Caribbean flavors, African-American soul food, and Native American staples like squash, grits, and pit-cooked barbecue all contribute to our idea of Southern cuisine. Louisiana and the South Carolina Lowcountry each have their own seafood-based styles, and the best pulled pork sandwich or fried chicken breast you’ve ever tasted might emerge from the kitchen of a small-town diner on a back road in rural Georgia.
The South’s culinary traditions even have their own Oxford, Mississippi-based advocacy group, the Southern Foodways Alliance (led by esteemed food writer, John T. Edge), whose work underlines the undeniable connection between the region’s history and its food. Southerners interweave food into their identity, whether that’s the pralines Aunt Edna serves after church or a pitmaster who devotes his life to perfecting whole hog barbecue. (This is not a place where “barbecue” has anything to do with grilling burgers in the backyard -- that’s a “cookout.”)
Pride in local ingredients and preparation is another touchstone of Southern culture. Take Sean Brock’s wildly popular Husk, which applies a Southern-ingredients-only philosophy to fine dining, an approach that revolutionized the Charleston restaurant scene when it opened in 2010 by reconsidering what “Southern cooking” could be. Nashville; Greenville, South Carolina; and Savannah, Georgia all now have their own Husk -- as well as dozens of other restaurants influenced by it.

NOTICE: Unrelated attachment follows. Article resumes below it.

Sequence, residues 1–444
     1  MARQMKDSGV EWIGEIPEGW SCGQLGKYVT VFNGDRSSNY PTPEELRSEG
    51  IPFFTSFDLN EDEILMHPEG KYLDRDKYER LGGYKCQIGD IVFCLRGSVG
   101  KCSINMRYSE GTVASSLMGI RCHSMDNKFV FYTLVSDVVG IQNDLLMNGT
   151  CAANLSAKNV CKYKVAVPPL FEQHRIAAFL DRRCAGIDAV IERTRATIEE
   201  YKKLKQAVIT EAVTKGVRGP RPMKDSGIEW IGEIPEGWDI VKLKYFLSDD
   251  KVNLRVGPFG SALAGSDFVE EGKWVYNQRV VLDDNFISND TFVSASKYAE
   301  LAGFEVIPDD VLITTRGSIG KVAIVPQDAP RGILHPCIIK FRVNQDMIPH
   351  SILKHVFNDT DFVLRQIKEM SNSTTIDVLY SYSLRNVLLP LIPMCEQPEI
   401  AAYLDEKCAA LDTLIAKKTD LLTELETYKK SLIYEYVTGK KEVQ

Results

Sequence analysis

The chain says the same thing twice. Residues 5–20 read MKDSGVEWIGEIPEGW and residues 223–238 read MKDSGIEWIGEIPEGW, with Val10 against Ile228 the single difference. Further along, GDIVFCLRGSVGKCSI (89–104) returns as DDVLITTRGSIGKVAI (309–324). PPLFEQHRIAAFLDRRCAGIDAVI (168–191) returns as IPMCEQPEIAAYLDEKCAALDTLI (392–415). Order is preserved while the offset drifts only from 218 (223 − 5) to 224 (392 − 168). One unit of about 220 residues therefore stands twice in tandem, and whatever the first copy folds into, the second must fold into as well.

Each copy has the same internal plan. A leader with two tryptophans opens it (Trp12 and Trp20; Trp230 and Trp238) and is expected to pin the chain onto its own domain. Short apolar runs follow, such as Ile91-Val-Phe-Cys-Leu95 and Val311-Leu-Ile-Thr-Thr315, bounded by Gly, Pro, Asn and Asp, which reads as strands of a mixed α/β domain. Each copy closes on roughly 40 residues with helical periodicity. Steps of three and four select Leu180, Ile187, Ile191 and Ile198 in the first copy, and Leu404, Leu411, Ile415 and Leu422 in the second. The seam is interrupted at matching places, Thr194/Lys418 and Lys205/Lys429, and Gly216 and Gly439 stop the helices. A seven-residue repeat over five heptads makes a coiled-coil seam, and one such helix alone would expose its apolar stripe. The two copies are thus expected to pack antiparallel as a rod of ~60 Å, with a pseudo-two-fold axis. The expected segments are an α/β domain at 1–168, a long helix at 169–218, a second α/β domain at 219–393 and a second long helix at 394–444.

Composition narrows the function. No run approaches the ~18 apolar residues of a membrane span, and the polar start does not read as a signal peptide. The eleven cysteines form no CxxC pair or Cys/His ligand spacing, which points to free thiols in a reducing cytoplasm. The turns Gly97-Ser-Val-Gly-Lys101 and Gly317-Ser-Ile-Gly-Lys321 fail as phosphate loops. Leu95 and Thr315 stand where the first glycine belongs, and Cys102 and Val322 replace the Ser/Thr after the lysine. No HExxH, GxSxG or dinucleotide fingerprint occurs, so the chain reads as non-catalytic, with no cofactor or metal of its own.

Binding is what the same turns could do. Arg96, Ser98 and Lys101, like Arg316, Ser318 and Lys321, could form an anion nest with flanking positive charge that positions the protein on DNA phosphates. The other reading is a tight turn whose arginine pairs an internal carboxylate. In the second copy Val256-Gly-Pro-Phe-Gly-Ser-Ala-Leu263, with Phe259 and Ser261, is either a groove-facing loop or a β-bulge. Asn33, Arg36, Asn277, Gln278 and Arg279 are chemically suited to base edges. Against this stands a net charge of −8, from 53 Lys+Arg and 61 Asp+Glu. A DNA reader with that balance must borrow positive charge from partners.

Alex Lira, a James Beard Award-nominated chef who honed his skills at New York’s Craft as well as Diner and Marlow & Daughters in Brooklyn, was so inspired by the Lowcountry’s burgeoning culinary scene during a 2012 visit that he packed up and moved down a few months later. “I got an education in New York, but I also got tired of the rat race,” he explains. “Charleston felt like a mecca in the Southeast, where restaurants were melding different styles of cooking with modern techniques and local ingredients.” Lira launched two restaurants in the city, including the lauded Bar Normandy, and will soon helm the kitchen at tapas spot Estadio’s new Charleston location. He also bought a home and a boat -- a pipe dream in New York -- and spends his free time at the beach and on the water.
His story mimics other big-city chefs who migrate south -- Mashama Bailey left New York to cook progressive Southern fare at The Grey in Savannah, and was recently featured on Netflix’s Chef’s Table. By moving to Atlanta, Damon Wise, another New York alum of Craft, Monkey Bar, and Lafayette, made a huge career jump, now working as a vice president at Ford Fry Restaurants, a group with locations in Nashville and Houston. In other words, the South is well past the point where its best culinary talent has to move away to make it big -- it’s now the destination.